In previous posts on the subject of doubt we have concentrated on the reality of the condition, and hesitantly suggested some of the causes for it, including our own sin. All of this has given us a kind of Ordinance Survey map of the whole area of Doubt, noting some its features and the access roads we may have taken to reach this place. It is high time, then, that we began working through some exit roads from Doubt, and some of the landmarks that might be seen as the slow move from uncertainty to assured Belief is made. It is a painful journey, but no-one need live in Doubt for all of their days.
One of the most painful paradoxes of experiencing doubt is taking part in public worship. This can be a bittersweet experience for the believer plagued by doubt. There can, on the one hand, be a certain sentimental rush that comes from being with God's people and joining voices in song, and minds in prayer and meditation on God's Word. Like a stimulant, however, the effect can soon fade and the roads back to Doubt after a church service can seem all the more cold and dark and lonely. On the other hand there can be an overwhelming sense of hypocrisy and resentment behind what had previously been the joyful expressions of worship. Mouthing words to well known hymns can feel empty, and the message delivered from the pulpit can be subjected to the most scathing and scorching internal criticism in the mind of the doubter - every truth contorted into further proof for the issues being faced. None of this feels particularly edifying.
But worse than the presence of any of these feelings in public worship is their absence, and one of Satan's most effective strategies against any doubting soul is to isolate them and cut off natural connections in the Church. In a sense it is better to sing 'hymns to the silence' than to silence our hymn singing, better to struggle under the Word of God than to struggle on without it, better to feel the pinch and pain of hypocrisy in worship than suffer the consequences of absence from it.
Perhaps this point is best illustrated from some of the standards and confessions of faith which back home the heritage of Reformed evangelicalism. Take the following two quotes as an example, the first from the 1689 Baptist Confession of Faith and the second from the 1646 Westminster Confession of Faith. Get past the slightly outmoded language, and a major map for getting out of Doubt can be found here:
"Many storms and floods may arise and beat against them, yet these things will never be able to sweep them off the foundation and rock upon which they are fastened by faith. Even though unbelief and the temptations of Satan cause the sight and feeling of the light and love of God to be clouded and obscured from them for a time, yet God is still the same and they are sure to be kept by his power until their salvation is complete"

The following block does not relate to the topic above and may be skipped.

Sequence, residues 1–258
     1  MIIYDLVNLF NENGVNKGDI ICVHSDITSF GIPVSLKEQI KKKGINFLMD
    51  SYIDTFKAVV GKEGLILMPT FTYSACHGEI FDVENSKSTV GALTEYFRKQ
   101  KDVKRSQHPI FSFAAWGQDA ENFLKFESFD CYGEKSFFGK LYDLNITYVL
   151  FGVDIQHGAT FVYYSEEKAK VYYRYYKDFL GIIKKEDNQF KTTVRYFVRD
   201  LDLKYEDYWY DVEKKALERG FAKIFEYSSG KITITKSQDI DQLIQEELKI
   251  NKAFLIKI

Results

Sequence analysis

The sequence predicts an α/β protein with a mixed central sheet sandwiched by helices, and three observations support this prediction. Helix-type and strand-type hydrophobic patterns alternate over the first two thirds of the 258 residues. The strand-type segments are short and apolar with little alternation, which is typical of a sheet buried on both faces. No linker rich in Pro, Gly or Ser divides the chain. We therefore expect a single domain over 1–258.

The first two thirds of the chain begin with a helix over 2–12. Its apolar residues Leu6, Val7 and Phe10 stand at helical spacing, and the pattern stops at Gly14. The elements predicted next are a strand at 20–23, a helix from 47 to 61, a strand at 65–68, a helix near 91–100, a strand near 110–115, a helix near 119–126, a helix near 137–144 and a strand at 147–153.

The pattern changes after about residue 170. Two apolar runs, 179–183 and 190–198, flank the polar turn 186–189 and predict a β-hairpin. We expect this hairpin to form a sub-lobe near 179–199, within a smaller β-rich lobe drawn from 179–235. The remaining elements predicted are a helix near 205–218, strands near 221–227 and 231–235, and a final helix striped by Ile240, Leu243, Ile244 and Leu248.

Baptist Confession of Faith, 17.1
'Unto the catholic visible church Christ hath given the ministry, oracles, and ordinances of God, for the gathering and perfecting of the saints, in this life, to the end of the world: and doth, by His own presence and Spirit, according to His promise, make them effectual thereunto'
Westminster Confession of Faith, 25.3
There is no highway out of Doubt, but taken together these paragraphs at least point us towards some of the arterial routes which will bring us back to the joy of living in Belief again. Firstly, in placing faith in Christ there is a rock solid certainty for the Christian that they will persevere, that despite the 'storms and floods' which may seem to prevail at times, that God's saving grace is a sustaining grace. Secondly, the effective means of stirring and strengthening the life of grace and belief is the ministry of the Word of God and ordinances given by God. To abandon this second point in hope of seeing the first fulfilled, is like a starving man in a disaster zone shooting down relief planes in the hope of catching a grain of rice! God has given the Church as an outlet for His blessing, and as an effective means of energising and nerving struggling Christians in the walk of faith.
Of course these kinds of confessional statements are helpful only insofar as they are rooted in Scripture. A light examination of the New Testament reveals their absolute authenticity. Hebrews 10:24-25 is the most obvious example of this kind of counsel:
'23Let us hold unswervingly to the hope we profess, for he who promised is faithful. 24And let us consider how we may spur one another on toward love and good deeds. 25Let us not give up meeting together, as some are in the habit of doing, but let us encourage one another—and all the more as you see the Day approaching.' (NIV)
For residents of Doubt, then, the first step to recovery is refusing to join the Residents' Committee, and deciding to keep in touch with your old neighbourhood of Belief. Spending time with them might be a bittersweet experience, but it is only through authentic fellowship with authentic fellow Christians (and the challenge that their spiritual solidity can ultimately bring) that permanent freedom from the tenancy of Doubt can be enjoyed.